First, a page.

High joblessness among Arab youth was a hot topic at the World Economic Forum (WEF), held in the alpine town of Davos, Switzerland from January 21 to 24.
Advancing youth employment and heightened geopolitical uncertainties were also key areas of focus in a special session titled The Arab World Context. Several corporate leaders spoke of the importance of tackling the issue with great urgency.
Nigerian billionaire Aliko Dangote, President and CEO of Nigeria-based conglomerate Dangote Group was quoted by CNBC as saying that youth unemployment could cause destruction if not addressed, citing the ‘Arab Spring’ revolutions in North Africa that toppled several governments as an example.
“We need to attack this issue on all fronts,” Dangote is quoted by CNBC as saying. “There are going to be a lot of reforms. The government, private sector and civil society need to sit down and take this more seriously than just ‘talk shop’.”
It is a view the World Economic Forum’s October 2014 report Rethinking Arab Employment has endorsed. “The demographic ‘youth bulge’ represents one of the greatest opportunities, as well as one of the greatest challenges, faced by the Arab World. With more than half of its population less than 25 years old and the world’s highest regional youth unemployment rate, the Middle East and North Africa region stands at a critical juncture. This youthful populace can turn into either a ‘youth dividend’ or a ‘youth liability’, contingent upon the region’s ability to create an enabling environment in which young people’s aspirations can be fulfilled,” the report noted.
According to the World Economic Forum’s Outlook on the Global Agenda 2015, the top three regional challenges in the MENA region are listed as; persistent youth unemployment, managing political transition and societal tensions
Literature prepared in the run-up to the yearly gathering has continued harping on the criticality of addressing this issue. Writing for a series jointly produced by The Huffington Post and WEF, Ron Brunder, Founder and Chair of Education for Employment (EFE) says: “…Across the Middle East and North Africa (MENA), more than one in four youth is locked out of the labor market. For women in the region, the statistics are especially sobering: less than one in five are currently employed (OECD, 2013)… Collectively, we need to prioritize youth employment in the MENA region as both a social and economic imperative, and recognize its momentous power: to throw the region into discord, or to elevate it to new levels of dynamism.”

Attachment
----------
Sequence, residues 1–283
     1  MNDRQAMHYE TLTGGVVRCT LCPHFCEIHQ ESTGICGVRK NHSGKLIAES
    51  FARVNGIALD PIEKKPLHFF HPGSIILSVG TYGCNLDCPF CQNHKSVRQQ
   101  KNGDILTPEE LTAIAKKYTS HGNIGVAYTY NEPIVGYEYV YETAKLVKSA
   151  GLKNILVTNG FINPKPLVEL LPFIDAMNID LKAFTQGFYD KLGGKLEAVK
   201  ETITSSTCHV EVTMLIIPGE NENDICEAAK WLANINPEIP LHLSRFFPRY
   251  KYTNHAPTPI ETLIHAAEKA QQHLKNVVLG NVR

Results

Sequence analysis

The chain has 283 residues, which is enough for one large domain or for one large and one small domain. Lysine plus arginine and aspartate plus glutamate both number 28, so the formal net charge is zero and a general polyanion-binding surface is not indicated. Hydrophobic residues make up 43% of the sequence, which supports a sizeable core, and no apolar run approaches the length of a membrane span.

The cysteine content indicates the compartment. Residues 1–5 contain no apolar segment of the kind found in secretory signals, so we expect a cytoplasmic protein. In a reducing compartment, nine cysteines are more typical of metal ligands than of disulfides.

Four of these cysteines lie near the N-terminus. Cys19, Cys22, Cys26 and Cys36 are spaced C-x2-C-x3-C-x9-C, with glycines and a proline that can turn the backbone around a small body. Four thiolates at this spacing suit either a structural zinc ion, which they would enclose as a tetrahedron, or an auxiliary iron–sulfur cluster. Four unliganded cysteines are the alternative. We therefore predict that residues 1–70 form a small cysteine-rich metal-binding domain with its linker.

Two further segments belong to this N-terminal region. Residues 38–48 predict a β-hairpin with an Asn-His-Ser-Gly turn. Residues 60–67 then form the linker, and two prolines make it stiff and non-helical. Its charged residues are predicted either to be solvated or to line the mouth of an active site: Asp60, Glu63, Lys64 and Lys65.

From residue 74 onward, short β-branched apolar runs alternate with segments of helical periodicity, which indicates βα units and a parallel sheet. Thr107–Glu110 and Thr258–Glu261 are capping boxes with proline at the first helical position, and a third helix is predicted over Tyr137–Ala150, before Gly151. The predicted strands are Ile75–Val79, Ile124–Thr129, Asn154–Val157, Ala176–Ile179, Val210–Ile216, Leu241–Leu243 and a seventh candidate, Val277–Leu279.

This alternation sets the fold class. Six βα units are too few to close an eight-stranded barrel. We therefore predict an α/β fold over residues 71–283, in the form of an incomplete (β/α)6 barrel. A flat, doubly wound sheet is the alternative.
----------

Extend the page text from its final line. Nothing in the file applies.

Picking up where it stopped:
Youth unemployment in some of the MENA countries fluctuates between 25 percent and 60 percent, and close to 85 million jobs are required to be created simply to reach the global youth unemployment average according to EFE and Citi Foundation. According to Crescent Petroleum, quoting World Bank figures, the problem in the wider region “is the highest and fastest-growing in the world, with an average of more than 30 percent of young people without a job.”
“We need quick and urgent economic action to address the issue of high youth unemployment in the region,” Majid Jafar, CEO of Crescent Petroleum, told the gathering at Davos. “Insufficient economic growth has led to massive youth unemployment, in some areas more than 60 percent. This is turning into a long-term demographic and economic crisis.
“The recent fall in the oil price is also a warning that the region cannot be over-reliant on energy resources for GDP growth. We must create long-term sustainable economic growth. Employing our youth is the key to unlocking our true natural resource. We cannot achieve political stability without economic stability.”
Among the several systemic solutions and frameworks suggested to tackle this problem, some advocated technology investments as holding the key to solving high youth unemployment.
Dany Farha, Chief Executive Officer of BECO Capital, a regional venture capital firm focused on technology investments in the Arab region, said while attending discussions in Davos that more investments in technology and the digital economy, both at private sector and government levels will, over the mid to long term, help alleviate the economic, social and political risks associated with youth unemployment. Such investments will help create more and better jobs. At the moment, The Arab region has circa ten times less money invested in venture capital per capita per annum than India, 15 times less than China, 35 times less than Europe and 200 times times less than the USA.
“The region’s governments and big businesses have spent their job-creating currency. It’s time we close the gap with the rest of the world and increase investment in the technology sector by backing the firms who can invest, coach, support and unlock tremendous value, create valuable white-collar jobs and contribute to improving lives and humanity in our region,” concluded Farha.